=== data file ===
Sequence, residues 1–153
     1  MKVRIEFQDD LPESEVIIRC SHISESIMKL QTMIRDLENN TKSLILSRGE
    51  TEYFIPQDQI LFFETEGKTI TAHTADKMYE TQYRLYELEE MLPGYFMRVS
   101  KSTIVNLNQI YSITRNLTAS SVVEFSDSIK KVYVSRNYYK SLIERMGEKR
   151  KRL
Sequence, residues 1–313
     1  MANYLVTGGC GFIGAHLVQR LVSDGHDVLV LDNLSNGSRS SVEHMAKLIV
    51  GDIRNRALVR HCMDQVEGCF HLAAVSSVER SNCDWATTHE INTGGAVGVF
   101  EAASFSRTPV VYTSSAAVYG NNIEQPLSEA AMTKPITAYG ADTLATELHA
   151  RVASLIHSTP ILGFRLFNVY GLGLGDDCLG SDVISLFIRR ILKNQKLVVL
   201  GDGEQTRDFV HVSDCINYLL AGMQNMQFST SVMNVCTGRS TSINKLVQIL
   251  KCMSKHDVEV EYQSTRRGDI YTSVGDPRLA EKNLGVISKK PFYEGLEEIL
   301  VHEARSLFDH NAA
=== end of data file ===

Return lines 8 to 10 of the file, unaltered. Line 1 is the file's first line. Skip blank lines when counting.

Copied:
    51  GDIRNRALVR HCMDQVEGCF HLAAVSSVER SNCDWATTHE INTGGAVGVF
   101  EAASFSRTPV VYTSSAAVYG NNIEQPLSEA AMTKPITAYG ADTLATELHA
   151  RVASLIHSTP ILGFRLFNVY GLGLGDDCLG SDVISLFIRR ILKNQKLVVL